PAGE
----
Friday, May 20, 2016

Daily Life Practice

The Spring my brother left to hike the Appalachian Trail, I gave birth to a baby. While he pushed through exhaustion and walked 20 miles in a day, I rode the cresting waves of labor. Each an exercise in survival.

At the peak, he'd rest and survey breathtaking views afforded only to those who do the hard work of getting there. At the peak, I lifted a fresh scrunched up soul to my chest, a miracle infused moment of triumph, pain and searing joy.

It's been a year. In some ways it feels as thought the adventure is over. What is life like after the vista? After the apex of upward toil, sacrifice, strength?

She's one year old.

I knit her a birthday dress made up of hundreds of rows, spiraling around and around, each one seamlessly starting the next, like the 365 days that made up her life. It's imperceptible, how a baby changes, until you look back. When did she get so chubby? Where did those teeth come from? Her first words, her first steps - they just came along and were swept up in daily life, one day bleeding into the next until, suddenly, she's one. Those first few days we marked by hours. 24 hours old. 36. 48. Then in weeks. 2 weeks. 6 weeks. Months and now, like the rest of us - years.

Each day feels so much the same as the last, and yet - we're all growing. It's what happens in the moments that don't feel or look like the big exciting ones. You grow.

It's another normal day that I wake up and remember. Daily life is spiritual practice. It is within the spiraling sameness of daily living that our faith is tested, refined, practiced and played out. This isn't the wait before the ride. It is the ride. In the constant, consistency of one day after another, one foot in front of the other, through the mundane - we practice. We struggle and, over time, we strengthen.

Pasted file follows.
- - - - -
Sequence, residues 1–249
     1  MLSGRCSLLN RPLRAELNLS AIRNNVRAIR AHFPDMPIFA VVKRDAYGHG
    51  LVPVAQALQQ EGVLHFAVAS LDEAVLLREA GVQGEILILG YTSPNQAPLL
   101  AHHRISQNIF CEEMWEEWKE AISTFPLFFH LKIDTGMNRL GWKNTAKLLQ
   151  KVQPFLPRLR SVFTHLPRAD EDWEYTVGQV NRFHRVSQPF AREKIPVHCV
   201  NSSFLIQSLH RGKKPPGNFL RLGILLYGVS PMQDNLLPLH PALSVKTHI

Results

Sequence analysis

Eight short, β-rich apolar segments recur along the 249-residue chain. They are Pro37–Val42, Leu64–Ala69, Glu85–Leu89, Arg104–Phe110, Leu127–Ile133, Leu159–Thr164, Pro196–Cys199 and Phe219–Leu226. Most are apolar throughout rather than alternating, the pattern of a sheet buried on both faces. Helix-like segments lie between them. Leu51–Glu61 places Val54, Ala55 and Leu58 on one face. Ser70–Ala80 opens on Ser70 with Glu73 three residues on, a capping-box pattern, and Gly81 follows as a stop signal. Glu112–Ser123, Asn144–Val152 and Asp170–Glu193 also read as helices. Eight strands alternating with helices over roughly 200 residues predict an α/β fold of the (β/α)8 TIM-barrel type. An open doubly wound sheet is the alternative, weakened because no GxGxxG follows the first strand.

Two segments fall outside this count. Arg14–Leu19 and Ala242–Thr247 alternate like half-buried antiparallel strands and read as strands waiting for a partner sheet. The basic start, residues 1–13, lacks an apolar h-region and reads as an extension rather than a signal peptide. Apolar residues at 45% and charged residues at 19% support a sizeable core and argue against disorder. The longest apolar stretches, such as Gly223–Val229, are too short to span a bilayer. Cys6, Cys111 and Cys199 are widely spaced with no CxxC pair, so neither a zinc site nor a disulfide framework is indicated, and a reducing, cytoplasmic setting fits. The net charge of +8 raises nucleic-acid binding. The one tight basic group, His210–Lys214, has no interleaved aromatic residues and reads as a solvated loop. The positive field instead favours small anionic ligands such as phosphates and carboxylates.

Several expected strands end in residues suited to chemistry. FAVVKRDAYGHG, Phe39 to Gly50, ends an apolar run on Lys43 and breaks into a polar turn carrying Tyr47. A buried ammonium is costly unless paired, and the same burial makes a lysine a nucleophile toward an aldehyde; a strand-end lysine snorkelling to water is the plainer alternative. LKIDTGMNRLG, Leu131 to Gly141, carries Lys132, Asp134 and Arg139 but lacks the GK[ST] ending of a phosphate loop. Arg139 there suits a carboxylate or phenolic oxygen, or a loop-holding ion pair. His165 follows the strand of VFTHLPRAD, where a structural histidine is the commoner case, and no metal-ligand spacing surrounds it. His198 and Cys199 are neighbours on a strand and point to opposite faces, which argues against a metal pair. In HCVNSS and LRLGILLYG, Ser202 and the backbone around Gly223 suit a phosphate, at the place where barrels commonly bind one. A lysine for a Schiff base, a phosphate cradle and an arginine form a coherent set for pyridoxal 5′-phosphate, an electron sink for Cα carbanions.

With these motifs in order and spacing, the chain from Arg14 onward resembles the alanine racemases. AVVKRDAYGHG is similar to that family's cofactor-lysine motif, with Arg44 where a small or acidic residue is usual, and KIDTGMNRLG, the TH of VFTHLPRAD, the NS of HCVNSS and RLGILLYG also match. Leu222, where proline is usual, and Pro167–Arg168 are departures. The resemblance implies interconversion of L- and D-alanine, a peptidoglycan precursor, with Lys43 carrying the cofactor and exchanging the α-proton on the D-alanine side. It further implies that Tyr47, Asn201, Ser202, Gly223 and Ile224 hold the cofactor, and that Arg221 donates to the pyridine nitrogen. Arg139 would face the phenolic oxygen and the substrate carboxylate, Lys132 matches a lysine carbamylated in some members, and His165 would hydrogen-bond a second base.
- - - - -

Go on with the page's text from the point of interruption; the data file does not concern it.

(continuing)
We make spirituality small when we believe it only fits in one Thomas-Kincaid painted box. We miss out on a bigger, all-of-life encompassing intimacy which is what Jesus has for everyone.

It is tempting to believe that we need to change ourselves to become holier, more devout. That we can chameleon our way into the Christian life. But that isn't how God works. God wants you. Just as you are. With your sense of humor, your unique giftedness, your passions and your temperament. People are all different. Christians are all different. This is by His perfect design. Spiritual life practice is less of Extreme Makeover and more of a gentle reshaping that preserves and enhances what was there all along. He takes you, and all that you are, and grows you as you go along. One day at a time.

Sweaters are made up of hundreds of them. Row after row. Lives too. It's not til you get to the end and hold it up that you can fully see how far you've come. How a life can knit a garment of love.

I flip back the covers and my feet find the cold wood of the floor. It's morning and it's time to get started on the next row. Around and around we go.

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